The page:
The organizational structure of Project Longevity in New Haven includes a Governing Board, Strategy and Implementation Team, Research Team, Law Enforcement Team, Community Service Provider Team and Community Engagement Team, all of which meet regularly. Project Longevity's Governing Board includes: U.S. Attorney Fein, Governor Malloy, State Senator Toni Harp, State Representative Toni Walker, New Haven Mayor John DeStefano, New Haven Alderperson Jorge Perez, New Haven State's Attorney Michael Dearington, Court Support Services Executive Director William Carbone, Connecticut Department of Correction Commissioner Leo Arnone, Director of the Center for Crime Prevention and Control at John Jay College of Criminal Justice David Kennedy, and Yale University's Vice President for New Haven and State Affairs and Campus Development Bruce Alexander.
The Strategy and Implementation Team is co-chaired by New Haven Police Chief Dean Esserman and New Haven businessman Howard Hill, and includes members of law enforcement, service providers, researchers and the community. Chief Esserman has previously partnered with the Center for Crime Prevention and Control to implement a similar strategy when he served as police chief in Providence, R.I. Several community and business leaders in New Haven, as well as members of the New Haven Clergy Association, are also actively involved in Project Longevity. In order to assist identified individual transition from a destructive gang lifestyle, Project Longevity has engaged nine service providers in the New Haven area, including Children's Community Program of Connecticut, Community Service Administration for the City of New Haven, Consultation Center (Yale), Gateway Community College, Elm City Communities, New Haven Family Alliance, Project Model Offender Reintegration Experience (M.O.R.E.), Workforce Alliance/CT Works and United Way of Greater New Haven. The University of New Haven, Yale University and the University of Cincinnati are working with law enforcement to collect and analyze crime data and provide research support to identify the groups and individuals that will be contacted through Project Longevity. Many of these individuals are already known to law enforcement and/or are under the supervision of probation or parole officers.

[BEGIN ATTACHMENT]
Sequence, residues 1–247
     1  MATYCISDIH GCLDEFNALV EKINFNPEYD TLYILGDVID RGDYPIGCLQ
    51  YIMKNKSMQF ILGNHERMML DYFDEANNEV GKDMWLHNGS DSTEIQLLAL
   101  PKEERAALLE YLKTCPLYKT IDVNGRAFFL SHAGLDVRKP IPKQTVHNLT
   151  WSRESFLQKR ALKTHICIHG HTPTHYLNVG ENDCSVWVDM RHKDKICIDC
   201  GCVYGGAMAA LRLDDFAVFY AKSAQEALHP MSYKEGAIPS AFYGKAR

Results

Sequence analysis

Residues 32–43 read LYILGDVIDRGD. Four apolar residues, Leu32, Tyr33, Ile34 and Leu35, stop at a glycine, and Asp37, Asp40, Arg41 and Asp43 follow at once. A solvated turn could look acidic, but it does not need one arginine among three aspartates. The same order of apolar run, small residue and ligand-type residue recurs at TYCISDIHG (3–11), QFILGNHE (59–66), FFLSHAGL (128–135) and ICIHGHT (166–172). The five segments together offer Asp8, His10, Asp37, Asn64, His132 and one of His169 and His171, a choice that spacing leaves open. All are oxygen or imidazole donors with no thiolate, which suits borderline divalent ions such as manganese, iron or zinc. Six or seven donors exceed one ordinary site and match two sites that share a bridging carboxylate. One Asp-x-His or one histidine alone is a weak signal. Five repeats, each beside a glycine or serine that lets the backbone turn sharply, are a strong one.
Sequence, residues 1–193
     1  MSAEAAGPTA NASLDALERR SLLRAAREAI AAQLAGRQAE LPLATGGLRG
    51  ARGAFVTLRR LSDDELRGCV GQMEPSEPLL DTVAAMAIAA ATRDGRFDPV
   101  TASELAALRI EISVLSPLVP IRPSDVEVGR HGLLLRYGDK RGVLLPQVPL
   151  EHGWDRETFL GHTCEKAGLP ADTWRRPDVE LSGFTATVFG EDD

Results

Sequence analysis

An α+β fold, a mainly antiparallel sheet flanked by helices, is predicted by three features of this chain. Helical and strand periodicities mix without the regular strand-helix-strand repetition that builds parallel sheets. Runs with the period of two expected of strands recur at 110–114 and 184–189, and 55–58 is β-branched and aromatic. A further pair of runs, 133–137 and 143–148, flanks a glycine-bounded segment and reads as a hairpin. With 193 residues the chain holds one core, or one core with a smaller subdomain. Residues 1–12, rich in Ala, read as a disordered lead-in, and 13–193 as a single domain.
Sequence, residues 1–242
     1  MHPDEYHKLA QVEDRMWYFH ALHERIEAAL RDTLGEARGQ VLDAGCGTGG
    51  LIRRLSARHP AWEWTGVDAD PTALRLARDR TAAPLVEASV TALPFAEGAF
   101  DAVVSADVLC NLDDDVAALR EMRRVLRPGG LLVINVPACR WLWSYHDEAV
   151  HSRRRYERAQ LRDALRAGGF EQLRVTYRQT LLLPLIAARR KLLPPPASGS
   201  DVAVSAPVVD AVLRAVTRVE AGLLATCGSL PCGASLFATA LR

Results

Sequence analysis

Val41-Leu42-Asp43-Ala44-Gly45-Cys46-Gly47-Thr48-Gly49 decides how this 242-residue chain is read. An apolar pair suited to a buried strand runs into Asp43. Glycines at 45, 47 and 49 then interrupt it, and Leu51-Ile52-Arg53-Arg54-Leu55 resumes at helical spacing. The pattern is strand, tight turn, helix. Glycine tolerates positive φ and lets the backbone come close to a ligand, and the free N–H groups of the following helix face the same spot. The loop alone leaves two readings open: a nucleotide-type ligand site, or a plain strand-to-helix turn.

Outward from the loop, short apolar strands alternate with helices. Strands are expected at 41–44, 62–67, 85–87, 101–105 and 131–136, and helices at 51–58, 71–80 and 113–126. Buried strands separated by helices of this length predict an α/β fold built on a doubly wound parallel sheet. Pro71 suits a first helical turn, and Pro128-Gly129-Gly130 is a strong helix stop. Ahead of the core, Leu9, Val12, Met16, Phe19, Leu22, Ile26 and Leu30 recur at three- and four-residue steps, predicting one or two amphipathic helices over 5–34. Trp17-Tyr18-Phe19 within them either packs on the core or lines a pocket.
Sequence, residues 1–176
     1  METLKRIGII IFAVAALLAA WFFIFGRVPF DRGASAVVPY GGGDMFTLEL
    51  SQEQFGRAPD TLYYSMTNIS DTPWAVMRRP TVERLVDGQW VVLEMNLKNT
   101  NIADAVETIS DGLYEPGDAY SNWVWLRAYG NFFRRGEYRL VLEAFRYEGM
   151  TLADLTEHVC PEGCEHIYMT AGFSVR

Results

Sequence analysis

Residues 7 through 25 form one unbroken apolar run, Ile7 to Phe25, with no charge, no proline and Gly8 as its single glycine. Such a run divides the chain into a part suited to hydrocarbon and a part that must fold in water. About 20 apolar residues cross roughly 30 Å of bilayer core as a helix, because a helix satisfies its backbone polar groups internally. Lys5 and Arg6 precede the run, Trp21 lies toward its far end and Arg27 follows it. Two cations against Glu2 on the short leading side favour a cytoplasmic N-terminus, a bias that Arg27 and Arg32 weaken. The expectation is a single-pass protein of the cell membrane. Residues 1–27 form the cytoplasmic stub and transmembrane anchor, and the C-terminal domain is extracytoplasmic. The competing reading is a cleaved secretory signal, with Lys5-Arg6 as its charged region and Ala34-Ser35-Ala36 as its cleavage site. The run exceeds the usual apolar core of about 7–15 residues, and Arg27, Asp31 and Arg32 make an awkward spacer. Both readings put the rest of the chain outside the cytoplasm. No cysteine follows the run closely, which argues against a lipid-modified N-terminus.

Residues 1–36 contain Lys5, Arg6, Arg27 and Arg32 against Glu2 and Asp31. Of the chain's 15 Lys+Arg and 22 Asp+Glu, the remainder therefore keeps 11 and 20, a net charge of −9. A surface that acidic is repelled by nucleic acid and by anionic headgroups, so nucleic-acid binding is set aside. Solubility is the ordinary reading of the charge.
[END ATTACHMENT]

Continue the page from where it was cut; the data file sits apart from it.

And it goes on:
Other participating Justice Department agencies in Project Longevity include the FBI, Drug Enforcement Administration, the Bureau of Alcohol Tobacco, Firearms and Explosives and the U.S. Marshals Service.